A redwood tree shades the slender daughter shooting up from her side: an apt metaphor, I think, or at least one that calms my heart. In a few weeks, my youngest child will leave home for college. I both hate and welcome this change. Every few days, a sudden nostalgia pulls at me when I am least prepared. The faint tunes of a familiar merry-go-round make my eyes tear up. My throat tightens when I pass the pumpkin patch lot, now empty.The playground nearby is newly remodeled, but I still hear the thrill in my young one’s voice calling out, “Look at me, mom! I’m flying!”
Leaning against the redwood’s scruffy bark, I blink away tears.The tall, quiet tree and the younger redwood growing from her side enlighten me. I cannot cling to the past, to the small warm fingers that reached for mine or the upturned face that beheld me as all-capable. The redwood trees, mother and daughter, anchorme for my task at hand: to applaud the young woman who I have nurtured from her tiniest beginning within me. I weep and Ipraise her both, for now I know. Entwined at the roots, we each reach for sky and light. We become, each in keeping with herdream. But the rootedness remains. For that I can be glad.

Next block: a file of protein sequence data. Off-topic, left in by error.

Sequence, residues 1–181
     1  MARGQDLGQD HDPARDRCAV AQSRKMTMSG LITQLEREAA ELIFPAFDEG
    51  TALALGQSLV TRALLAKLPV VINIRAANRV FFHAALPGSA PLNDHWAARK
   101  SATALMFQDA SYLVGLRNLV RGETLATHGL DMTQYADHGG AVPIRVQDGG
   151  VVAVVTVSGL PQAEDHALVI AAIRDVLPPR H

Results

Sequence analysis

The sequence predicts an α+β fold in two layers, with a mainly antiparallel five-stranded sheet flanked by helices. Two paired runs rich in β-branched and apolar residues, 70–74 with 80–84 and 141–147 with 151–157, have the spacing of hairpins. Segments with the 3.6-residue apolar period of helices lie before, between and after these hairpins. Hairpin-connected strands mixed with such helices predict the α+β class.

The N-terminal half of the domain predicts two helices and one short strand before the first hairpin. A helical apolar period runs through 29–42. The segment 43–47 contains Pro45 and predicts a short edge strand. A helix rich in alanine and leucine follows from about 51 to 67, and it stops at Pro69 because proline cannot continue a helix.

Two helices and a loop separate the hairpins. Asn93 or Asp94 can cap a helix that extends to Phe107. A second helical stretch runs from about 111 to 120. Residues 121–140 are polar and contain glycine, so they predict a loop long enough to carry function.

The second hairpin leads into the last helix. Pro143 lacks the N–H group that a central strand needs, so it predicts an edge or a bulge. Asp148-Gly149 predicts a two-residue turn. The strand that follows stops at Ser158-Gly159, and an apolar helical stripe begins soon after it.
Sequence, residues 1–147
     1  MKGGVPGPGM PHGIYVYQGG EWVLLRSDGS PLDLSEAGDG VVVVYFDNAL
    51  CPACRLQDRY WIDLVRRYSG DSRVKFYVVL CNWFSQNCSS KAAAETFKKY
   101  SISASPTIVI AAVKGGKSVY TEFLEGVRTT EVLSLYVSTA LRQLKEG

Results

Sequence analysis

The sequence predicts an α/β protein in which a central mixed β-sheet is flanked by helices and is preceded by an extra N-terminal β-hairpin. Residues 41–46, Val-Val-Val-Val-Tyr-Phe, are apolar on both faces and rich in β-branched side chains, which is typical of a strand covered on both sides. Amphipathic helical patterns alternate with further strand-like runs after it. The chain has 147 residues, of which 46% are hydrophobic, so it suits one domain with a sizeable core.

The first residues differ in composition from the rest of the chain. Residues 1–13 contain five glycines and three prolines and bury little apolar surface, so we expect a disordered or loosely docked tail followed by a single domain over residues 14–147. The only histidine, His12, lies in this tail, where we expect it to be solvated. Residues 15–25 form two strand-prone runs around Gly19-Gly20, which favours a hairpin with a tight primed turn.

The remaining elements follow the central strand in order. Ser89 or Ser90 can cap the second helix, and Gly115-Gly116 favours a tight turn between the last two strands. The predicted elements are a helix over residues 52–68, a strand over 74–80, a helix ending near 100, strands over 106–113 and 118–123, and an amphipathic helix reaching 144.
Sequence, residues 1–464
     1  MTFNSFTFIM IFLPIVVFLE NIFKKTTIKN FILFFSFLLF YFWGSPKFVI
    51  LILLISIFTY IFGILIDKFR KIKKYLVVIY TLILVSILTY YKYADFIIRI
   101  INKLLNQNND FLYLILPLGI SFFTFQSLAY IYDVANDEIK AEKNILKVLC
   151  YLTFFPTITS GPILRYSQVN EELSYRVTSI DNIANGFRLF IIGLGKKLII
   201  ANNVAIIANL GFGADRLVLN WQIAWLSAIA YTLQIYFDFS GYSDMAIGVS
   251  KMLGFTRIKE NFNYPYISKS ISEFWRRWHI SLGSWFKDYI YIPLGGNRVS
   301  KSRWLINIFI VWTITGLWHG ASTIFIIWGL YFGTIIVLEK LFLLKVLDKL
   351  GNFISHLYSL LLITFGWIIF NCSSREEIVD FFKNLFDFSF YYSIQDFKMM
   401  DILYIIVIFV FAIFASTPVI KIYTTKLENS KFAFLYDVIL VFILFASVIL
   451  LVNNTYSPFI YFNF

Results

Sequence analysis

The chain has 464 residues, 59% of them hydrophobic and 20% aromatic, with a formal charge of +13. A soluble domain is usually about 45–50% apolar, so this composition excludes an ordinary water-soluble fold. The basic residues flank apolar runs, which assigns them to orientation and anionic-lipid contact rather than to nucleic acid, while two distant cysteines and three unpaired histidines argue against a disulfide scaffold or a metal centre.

Lana Dalberg is a published author and leader of writing and spirituality workshops. In her book, Birthing God: Women’s Experiences of the Divine, and in her workshops, she empowers women to claim their innate connectedness to Spirit and to realize the sacred in their daily lives.